By Justin Boron
Nearly 500 people gathered in and around the Clayton County Administration building in Jonesboro Tuesday night for the pinnacle of two calamitous days of transition from the previous government to the new one.
A riveting two days of several Sheriff's Office firings, a court action, and bitter exchanges resulting in the arrest of the former sheriff's brother have subverted any glimpse of fluidity in the tenuous political shift.
The fallout from the sudden dismissal of 27 Sheriff's Office employees Monday carried over into Tuesday when Sheriff Victor Hill said former Sheriff Stanley Tuggle's brother, Mark Tuggle, reacted with harassing phone calls to his office.
The county Magistrate Court issued an arrest warrant for Tuggle, and an investigations team took him into custody, Hill said.
In a phone conversation, Stanley Tuggle declined to comment on his brother's arrest and hung up abruptly.
The fiery contention of the day crackled into the Clayton County Board of Commissioners' first meeting Tuesday night, transforming a relatively innocuous business agenda into a bombardment of distressed citizens.
Many were declined entrance to the 7 p.m. meeting as early as 5:30, according to some reports. County police guarded the front doors and provided security for the event.
One community leader, who did gain entrance to the building, said denying citizens entrance amounted to disenfranchisement.
"Never before have 200 people been (locked out)," said Lee Scott, a community activist and the husband of District Attorney Jewel Scott. "This has been done by County Commission Chairman Eldrin Bell."
Scott also said there were non-media cameras inside the building aimed at surveillance and crowd control.
Inside the meeting, the room swelled with citizens, county employees, and print and broadcast reporters.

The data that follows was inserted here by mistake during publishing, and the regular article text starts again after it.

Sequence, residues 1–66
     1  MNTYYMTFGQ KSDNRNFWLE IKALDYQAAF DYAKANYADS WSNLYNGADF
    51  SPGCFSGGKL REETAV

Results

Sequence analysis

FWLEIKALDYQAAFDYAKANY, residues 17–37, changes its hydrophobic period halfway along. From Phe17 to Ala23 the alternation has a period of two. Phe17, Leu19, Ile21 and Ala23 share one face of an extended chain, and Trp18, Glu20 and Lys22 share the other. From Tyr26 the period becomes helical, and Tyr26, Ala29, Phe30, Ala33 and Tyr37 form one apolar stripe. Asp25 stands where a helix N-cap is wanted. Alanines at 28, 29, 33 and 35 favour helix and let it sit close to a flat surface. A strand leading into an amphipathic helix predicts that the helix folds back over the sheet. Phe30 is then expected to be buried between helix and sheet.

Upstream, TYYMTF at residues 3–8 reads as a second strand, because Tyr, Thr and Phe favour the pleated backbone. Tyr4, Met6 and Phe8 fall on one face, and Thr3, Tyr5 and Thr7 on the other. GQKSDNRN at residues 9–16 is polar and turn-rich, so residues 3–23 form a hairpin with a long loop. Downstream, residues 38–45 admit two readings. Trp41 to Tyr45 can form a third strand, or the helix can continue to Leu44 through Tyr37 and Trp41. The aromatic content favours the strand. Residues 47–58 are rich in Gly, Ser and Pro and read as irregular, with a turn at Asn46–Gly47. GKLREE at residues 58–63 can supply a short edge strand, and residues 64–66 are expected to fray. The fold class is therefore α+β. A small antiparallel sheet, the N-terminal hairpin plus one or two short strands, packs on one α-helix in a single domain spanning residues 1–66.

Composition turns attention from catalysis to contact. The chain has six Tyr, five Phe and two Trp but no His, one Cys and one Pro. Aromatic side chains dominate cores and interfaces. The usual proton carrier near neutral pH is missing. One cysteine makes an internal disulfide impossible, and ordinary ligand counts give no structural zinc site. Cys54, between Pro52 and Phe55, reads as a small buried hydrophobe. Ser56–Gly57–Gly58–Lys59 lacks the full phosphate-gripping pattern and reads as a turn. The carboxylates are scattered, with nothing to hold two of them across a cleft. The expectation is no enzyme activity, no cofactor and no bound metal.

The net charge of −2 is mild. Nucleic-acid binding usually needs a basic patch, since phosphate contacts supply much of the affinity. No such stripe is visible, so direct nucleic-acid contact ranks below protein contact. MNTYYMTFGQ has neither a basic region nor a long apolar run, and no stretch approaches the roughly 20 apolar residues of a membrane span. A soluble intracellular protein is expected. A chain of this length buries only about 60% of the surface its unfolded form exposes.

Department heads crammed themselves into an open corner where there were no chairs, only emerging when various commissioners asked them questions about an agenda item.
Citizens standing in the back dodged camera equipment as photographers moved through the crowd.
In the final minutes of the meeting, only one person was allowed to speak.
Former Lt. Garland Watkins of the Sheriff's Office thanked the commission for its attempt to restore the jobs of the incensed group of employees.
He elaborated on what he said was inhumane treatment, comparing the manner of Monday's dismissals to the Holocaust.
"I have been employed by the Sheriff's Office for 19 years and have never, never been so humiliated in all my days," Watkins said. "The way that we were treated yesterday was deplorable."
Once Watkins had finished, Bell asked for all the fired employees to stand, and the crowd gave them a standing ovation.
Old dispute dissolves into new one
The wave of new leaders reflective of the black majority in the county looked to hit the ground running this week after months of preparations and collaborations with the former leadership.
Instead, their focus has been turned toward Hill's broad dismissal of high- and low-ranking employees in the Sheriff's Office, which he said was part of a restructuring program.
Generally, the racial makeup of the dismissals varied. But four of the highest-ranking employees fired were white deputies, Hill said.
Hill said four black deputies replaced them.
However, Hill also said the decision was not based on race, adding he first offered his chief deputy position to a white person.